Posts Tagged With: Patience

Note by Note

Last week I watched a movie called Note by Note: The Making of Steinway L1037.  It is the story of a piano.  More, it is a story of hope for all of us woodworkers.  I recommend it highly.

A brief synopsis.  This is a film about the making of a piano, and of the people who made it.  The movie begins with the glue-up of the rim of a Steinway concert grand piano, and follows the piano – and the craftsmen and women – through the yearlong build.  If you’ve ever played piano or any other instrument, for that matter, you’ll appreciate this movie even more.

For woodworkers, though, the movie carries a few special and powerful undercurrents.  From the buyer who travels to Alaska to select the spruce for the soundboard to the cabinetmakers who carefully assemble the case and frame to extraordinarily tight tolerances, this is the story about craftspeople who care about their work.  They have an obvious and personal investment in every single piano that Steinway builds.

The pianos that come from this factory are handmade.  Machines help with the grunt work, to be sure, but there is a ton of handwork in these musical instruments.  Keys are adjusted to within fractions of millimeters to be the same height.  Tuning is done over a number of weeks and months to permit stresses on the cast iron plate to gradually equalize.  The rim and frame are set aside after glue-up for a month, allowing the glue-up to cure before any additional work is done.  It is an amazing process to watch.

How does all of this translate to hope for us?   Simply this:  all of the work on these magnificent creations is done by people just like you or me.  One fellow used to play in the Steinway yard as a child, running around the stacks of stickered maple and spruce.  Now he works there.  The managers and supervisors at this company make a point to stress that the skills that are needed to work there are handed down from the old-timers to the new-comers.  Generation after generation, the skills are passed along.  Most of the important work is done the same way today as it was one hundred years ago.  Here’s the point:  very few of the folks who put their hearts into these pianos were cabinetmakers, sound technician, or piano tuners – let alone piano players – when they walked through the doors of the plant for their first shift.   The skills they have today, they learned.  Time, patience, and hard work.  They started out as novices, and turned into craftsmen building the finest pianos in the world.

If they can do it, we can, too.

See the movie.   It’s on DVD, and it isn’t new (2007) so there shouldn’t be a long wait for it.  Let me know what you think.


Jeff Zens owns and operates Custom Built Furniture in Salem, Oregon.  He is a frequent woodworking instructor at the Northwest Woodworking Studio in Portland, Oregon.

Categories: Woodworking | Tags: , , , , , , | 2 Comments

Sharpening Class, Part III – Getting your Shine On

In the previous two posts (here and here) we’ve been working on flattening the back face of a cutting tool. If you have created a consistent scratch pattern across the tool’s back, stretching from side to side and from the bevel up about an inch or so, your tool is now as flat as your shop’s reference surface. Now it’s time to polish.

Why Spend the Time?

The best arguments I can advance to explain why polishing the tool is important come from two sources. The first one is the definition of the sharp edge: the intersection of two flat polishedplanes. Logically this makes sense. Logically, the quality of a cutting edge is a product of the quality of the bevel and the quality of the back.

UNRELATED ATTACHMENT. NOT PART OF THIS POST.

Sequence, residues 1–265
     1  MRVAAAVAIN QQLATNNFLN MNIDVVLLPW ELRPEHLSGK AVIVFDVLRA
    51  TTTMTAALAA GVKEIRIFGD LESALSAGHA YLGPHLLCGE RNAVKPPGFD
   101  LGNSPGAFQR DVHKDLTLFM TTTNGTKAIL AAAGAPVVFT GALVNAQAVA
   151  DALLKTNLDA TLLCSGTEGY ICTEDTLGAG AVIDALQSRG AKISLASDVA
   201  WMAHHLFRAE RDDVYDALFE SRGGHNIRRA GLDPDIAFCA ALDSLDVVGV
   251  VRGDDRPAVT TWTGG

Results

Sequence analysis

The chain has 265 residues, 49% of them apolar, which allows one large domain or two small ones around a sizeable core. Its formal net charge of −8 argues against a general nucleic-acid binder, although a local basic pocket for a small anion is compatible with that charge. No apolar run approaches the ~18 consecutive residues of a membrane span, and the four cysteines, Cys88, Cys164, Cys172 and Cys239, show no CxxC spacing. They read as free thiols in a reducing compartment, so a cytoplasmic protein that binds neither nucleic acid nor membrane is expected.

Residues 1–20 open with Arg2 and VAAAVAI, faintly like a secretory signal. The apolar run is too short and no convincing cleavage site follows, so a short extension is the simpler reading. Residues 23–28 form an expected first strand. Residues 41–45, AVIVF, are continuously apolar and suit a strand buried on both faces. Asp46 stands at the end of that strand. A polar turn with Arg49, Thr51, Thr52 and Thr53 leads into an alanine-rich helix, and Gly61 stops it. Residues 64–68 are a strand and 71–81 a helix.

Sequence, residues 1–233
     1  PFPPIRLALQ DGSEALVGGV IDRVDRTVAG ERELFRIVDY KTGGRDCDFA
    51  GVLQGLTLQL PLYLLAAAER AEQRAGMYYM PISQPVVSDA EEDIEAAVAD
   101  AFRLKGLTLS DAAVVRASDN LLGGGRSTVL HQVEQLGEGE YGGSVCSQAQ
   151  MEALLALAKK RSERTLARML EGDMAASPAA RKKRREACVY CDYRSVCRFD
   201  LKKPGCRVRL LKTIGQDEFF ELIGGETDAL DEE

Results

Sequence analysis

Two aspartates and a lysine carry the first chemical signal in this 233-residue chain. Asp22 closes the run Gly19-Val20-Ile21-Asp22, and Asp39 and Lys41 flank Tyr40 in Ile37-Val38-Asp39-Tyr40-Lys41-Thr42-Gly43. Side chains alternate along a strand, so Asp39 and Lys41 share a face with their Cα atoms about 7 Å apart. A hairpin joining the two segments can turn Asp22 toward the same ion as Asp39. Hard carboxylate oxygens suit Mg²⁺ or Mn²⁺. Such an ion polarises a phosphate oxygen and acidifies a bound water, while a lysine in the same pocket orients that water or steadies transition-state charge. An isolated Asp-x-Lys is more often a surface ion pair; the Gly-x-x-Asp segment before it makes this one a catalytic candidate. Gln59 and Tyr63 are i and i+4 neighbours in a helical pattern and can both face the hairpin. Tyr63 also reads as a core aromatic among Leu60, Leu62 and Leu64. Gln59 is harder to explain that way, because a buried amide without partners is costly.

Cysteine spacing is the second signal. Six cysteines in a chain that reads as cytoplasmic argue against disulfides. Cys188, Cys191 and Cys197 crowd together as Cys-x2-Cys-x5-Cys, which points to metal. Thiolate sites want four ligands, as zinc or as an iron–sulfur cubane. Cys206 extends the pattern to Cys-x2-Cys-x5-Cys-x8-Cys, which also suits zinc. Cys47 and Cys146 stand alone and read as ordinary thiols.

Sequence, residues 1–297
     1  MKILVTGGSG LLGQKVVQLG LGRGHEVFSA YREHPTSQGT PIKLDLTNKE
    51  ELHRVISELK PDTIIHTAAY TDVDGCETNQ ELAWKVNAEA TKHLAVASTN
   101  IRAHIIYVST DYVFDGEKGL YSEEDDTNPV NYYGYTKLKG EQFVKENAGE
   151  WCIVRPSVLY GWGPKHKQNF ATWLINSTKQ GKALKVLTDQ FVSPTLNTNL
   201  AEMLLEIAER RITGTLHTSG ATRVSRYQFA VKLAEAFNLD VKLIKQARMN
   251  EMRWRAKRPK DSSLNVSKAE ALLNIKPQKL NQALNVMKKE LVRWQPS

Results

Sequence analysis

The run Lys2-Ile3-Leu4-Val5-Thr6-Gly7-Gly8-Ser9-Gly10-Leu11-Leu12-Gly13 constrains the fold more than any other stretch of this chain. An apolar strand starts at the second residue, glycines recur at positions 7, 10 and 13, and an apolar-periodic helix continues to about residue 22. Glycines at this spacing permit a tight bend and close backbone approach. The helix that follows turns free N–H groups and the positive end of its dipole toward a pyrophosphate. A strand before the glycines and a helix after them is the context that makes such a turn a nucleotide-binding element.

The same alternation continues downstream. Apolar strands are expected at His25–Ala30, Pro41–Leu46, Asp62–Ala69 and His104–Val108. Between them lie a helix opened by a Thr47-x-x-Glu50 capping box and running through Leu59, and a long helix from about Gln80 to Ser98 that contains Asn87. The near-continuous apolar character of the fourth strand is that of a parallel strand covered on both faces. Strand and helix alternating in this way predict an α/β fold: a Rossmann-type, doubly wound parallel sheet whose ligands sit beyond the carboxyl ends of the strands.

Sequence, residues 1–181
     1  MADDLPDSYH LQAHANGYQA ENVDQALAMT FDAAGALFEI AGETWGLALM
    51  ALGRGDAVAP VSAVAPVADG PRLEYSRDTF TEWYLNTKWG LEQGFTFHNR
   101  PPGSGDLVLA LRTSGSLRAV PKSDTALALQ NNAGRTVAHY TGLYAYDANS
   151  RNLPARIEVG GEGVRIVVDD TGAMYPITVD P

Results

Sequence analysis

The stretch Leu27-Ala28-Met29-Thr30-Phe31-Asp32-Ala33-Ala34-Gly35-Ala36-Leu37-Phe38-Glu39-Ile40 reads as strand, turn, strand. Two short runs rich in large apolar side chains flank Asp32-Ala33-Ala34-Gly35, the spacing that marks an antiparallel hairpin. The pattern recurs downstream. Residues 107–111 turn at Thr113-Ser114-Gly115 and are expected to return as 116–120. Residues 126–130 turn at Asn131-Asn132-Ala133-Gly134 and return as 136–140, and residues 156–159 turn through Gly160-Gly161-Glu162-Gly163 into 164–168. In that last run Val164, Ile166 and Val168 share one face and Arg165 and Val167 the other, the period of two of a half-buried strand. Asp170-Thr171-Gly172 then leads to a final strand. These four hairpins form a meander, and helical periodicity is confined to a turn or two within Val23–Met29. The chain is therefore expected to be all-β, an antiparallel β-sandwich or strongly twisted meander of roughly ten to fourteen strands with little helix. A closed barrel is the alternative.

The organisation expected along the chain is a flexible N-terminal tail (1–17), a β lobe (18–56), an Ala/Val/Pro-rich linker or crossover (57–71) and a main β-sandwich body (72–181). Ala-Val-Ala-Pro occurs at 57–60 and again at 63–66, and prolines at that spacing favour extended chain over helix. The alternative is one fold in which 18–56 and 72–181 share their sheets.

Visual proof of this statement can be found in micrographs of cutting edges. Fine Woodworking readers will recall an article written by Aime Ontario Fraser in the July/August 2002 issue that graphically illustrates this point. You can take my word for it, or go back and look at those photos. The point of Ms. Fraser’s article was to compare honing systems. My point is slightly different: when you look closely at the photos, understand that all the scratches you see in the tool steel transfer directly to your workpiece. So the finer the scratch pattern on the steel, the more refined a surface the steel will leave behind.

In practice, the final proof of this concept comes from comparing the surfaces obtained from well-polished steel and from a fresh tool, right out of the box. It isn’t a fair fight.


So how to get that shimmer, that silky-smooth surface right from the tool? It’s all in the polish. And here, let me interject that this concept of polishing the back of the tool is called honing when you do it to the bevel. Bevel or back, the end result should be the same – flat, scratch free steel.

If you’re using silicon carbide paper to flatten, the steps are fairly straightforward. Moving to progressively finer grits, erase the scratches left from the previous flattening operation. To make this a lot easier, change the angle at which the tool is moved across the surface of the abrasive. For example, at 220 grit, hold the tool so the flattening scratches are parallel to the tool’s cutting edge, and are at a right angle to the tool’s sides. Continue doing this until you have flattened the tool as described in the previous post. Now change abrasive, moving to 320 grit. This time, move the tool so the scratches are at a 45-degree angle to the sides. Flip the tool over after a few strokes, and you will see two very clear patterns of scratches – the 220 grit scratches with the 320 grit pattern overlaid at a 45-degree angle. Now go back to work and erase all of the 220 grit scratches. If you have really flattened the back of the tool, you’ll notice that the time you spend with the 320 paper is considerably less than the amount of time it took to flatten with 220. Once you’re done at 320, move to 400, and so on. Don’t cheat, and don’t skip grits. Get all of the coarser grit scratches polished out each time you change grits. Remember that you will only do this once for the back of each cutting tool and that the results are certainly worthwhile.